PHOENIX (AP) — Gov. Doug Ducey on Tuesday blocked a new Arizona State University policy that would have required unvaccinated students to submit to twice-weekly COVID-19 testing and wear a mask, calling the decision “bad policy.”

The Republican governor issued an executive order saying students at the state's public universities and community colleges can’t be required to get the vaccine, submit vaccination documents, be tested or forced to wear masks.

ASU and the Board of Regents, which oversees the state’s three public universities, said they would comply with Ducey’s order. An ASU statement noted that it never issued a vaccine mandate but was following guidelines for universities from the Centers for Disease Control and Prevention by ensuring that unvaccinated people continue to follow protocols like masking.

“The CDC recognizes the unique environments of institutions of higher learning; the ASU student population includes people from all 50 states and more than 130 countries,” the statement said.

Ducey's order came after he criticized the ASU policy in a series of tweets Monday night. He said the rules for students attending class in person this fall has “no basis in public health” and that even the Biden administration has been more reasonable.

But the governor also included a screenshot of a quote from the CDC's director, Dr. Rochelle Walensky, that appeared to contradict his own position.

“The science demonstrates that if you are fully vaccinated, you are protected,” Walensky is quoted as saying. “It is the people who are not fully vaccinated in those settings, who might not be wearing a mask, who are not protected.”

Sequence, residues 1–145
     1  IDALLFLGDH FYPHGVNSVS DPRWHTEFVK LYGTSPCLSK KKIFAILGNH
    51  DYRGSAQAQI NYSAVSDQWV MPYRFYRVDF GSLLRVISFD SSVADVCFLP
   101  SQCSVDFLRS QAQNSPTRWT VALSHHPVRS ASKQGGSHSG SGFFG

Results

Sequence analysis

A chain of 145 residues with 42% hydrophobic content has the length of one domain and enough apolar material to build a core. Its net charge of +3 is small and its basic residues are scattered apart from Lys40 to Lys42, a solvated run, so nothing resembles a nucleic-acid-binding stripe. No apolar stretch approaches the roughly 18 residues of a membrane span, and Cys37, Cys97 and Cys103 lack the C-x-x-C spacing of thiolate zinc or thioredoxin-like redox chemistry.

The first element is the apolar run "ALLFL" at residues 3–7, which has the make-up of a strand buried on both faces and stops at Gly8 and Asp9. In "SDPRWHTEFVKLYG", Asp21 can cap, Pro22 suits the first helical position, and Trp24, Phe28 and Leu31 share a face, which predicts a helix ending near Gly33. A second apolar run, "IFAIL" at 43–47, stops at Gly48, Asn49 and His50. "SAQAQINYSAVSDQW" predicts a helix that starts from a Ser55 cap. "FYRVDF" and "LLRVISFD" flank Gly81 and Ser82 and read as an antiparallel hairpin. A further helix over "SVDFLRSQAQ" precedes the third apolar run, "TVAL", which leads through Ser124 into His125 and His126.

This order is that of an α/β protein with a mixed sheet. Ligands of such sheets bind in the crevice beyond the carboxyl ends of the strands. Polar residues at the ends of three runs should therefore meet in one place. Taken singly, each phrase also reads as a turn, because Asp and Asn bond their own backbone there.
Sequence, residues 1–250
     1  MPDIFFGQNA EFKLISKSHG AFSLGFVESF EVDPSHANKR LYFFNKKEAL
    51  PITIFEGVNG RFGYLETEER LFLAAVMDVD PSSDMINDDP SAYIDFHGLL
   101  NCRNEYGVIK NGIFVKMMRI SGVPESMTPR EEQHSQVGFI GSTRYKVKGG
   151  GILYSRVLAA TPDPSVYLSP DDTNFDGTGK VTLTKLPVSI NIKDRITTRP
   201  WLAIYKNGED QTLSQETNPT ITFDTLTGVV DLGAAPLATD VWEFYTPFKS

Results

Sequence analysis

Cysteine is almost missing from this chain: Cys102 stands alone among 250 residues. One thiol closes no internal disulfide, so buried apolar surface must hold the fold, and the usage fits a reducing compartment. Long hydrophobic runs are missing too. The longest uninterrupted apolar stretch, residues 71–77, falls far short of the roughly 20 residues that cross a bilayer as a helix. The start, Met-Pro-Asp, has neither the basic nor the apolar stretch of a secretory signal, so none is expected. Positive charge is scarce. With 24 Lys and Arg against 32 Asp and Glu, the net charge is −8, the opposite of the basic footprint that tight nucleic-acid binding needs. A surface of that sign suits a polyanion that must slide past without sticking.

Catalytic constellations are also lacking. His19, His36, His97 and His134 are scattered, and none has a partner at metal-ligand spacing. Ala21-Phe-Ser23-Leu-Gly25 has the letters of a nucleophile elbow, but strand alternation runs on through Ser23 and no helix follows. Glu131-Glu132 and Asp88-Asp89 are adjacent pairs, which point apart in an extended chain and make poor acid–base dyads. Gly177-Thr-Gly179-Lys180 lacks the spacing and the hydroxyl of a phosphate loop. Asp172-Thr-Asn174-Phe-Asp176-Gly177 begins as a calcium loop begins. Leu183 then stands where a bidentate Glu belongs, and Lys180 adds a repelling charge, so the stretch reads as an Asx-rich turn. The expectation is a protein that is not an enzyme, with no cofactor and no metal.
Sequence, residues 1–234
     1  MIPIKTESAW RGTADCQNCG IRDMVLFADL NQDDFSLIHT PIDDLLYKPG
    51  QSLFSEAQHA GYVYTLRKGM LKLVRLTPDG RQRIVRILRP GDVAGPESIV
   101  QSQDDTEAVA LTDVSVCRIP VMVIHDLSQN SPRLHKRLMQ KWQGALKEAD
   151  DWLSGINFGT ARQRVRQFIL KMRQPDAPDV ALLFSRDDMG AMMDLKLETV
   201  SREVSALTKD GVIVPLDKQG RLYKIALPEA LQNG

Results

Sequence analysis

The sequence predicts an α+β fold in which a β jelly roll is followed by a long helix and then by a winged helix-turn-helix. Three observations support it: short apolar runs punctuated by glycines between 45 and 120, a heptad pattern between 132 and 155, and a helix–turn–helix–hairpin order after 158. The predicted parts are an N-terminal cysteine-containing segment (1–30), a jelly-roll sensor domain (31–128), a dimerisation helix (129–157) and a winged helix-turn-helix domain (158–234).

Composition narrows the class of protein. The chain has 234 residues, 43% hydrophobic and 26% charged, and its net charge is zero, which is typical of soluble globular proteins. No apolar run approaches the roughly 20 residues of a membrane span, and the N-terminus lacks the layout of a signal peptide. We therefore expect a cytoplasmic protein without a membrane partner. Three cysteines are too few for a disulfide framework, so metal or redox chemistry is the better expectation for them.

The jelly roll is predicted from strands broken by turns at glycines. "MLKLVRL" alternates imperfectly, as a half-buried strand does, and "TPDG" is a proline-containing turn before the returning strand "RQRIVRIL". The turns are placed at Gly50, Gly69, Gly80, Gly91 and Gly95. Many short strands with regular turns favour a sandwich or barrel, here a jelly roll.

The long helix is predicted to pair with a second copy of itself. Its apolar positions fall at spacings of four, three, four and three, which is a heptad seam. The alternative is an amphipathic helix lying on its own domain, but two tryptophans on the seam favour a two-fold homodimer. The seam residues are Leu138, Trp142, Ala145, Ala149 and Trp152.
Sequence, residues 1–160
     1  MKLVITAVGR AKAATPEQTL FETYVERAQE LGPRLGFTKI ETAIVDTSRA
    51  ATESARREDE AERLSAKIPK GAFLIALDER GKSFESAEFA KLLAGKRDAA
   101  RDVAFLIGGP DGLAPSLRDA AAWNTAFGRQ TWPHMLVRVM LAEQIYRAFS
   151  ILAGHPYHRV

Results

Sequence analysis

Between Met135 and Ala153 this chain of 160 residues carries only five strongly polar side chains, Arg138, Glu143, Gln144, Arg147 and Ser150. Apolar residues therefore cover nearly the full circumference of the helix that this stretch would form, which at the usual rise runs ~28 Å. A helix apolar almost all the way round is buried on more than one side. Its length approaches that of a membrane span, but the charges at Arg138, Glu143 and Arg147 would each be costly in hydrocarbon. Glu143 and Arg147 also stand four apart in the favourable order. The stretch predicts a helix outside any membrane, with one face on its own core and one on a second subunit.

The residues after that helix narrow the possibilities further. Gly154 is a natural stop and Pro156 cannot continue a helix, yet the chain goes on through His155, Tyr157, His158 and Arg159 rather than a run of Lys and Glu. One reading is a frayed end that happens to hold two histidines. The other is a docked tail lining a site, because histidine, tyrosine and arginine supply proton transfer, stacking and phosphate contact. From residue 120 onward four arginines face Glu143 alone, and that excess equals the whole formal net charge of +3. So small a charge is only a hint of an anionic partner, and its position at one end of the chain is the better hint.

In an interview with KTAR radio before Ducey's executive order was issued, ASU President Michael Crow said he believes the governor and other critics of the policy may have misinterpreted it, calling it essentially an extension of current rules that say vaccinated people don't need to wear masks in most cases.

“I think what happened here was some people thought that we were requiring vaccinations, initially, which we weren’t,” Crow said. “I think that’s just gotten some people very upset, and hopefully they’ll take a closer look at it."

Crow said the university has been consistently pushing for a full return to in-person learning and is not requiring COVID-19 vaccines as many universities are doing.

“We’re allowing freedom of choice," Crow said. “So we expect vaccinations, but if you don’t get vaccinated, then you’ve got to follow CDC guidelines for institutions of higher education, which are quite clear."

The ASU policy, sent to students last week by Vice President of Student Services Joanne Vogel and posted online Monday, said the university expected students to get a vaccine since they are now widely available and are “highly effective at preventing COVID-19 infection and reducing the spread of the virus.”

It had said students who do not provide proof of vaccination would have had to wear a mask indoors and outdoors, submit to twice-weekly virus testing and do a daily online health check.

Ducey reacted by saying the vaccine works but is a choice and calling public education a right that taxpayers are paying for.

“This policy is social engineering at its worst,” Ducey tweeted. “Health policy should be based on science, not virtue signaling. In America, freedom wins.”

He announced that Republican state Sen. T.J. Shope will introduce legislation to make his executive order a law. Shope and other GOP lawmakers had tweeted that they opposed the ASU rules.

GOP Rep. Travis Grantham called the policy “ discriminatory and onerous” and called on the university to immediately rescind it. He said he would propose withholding funding from ASU if the policy remained.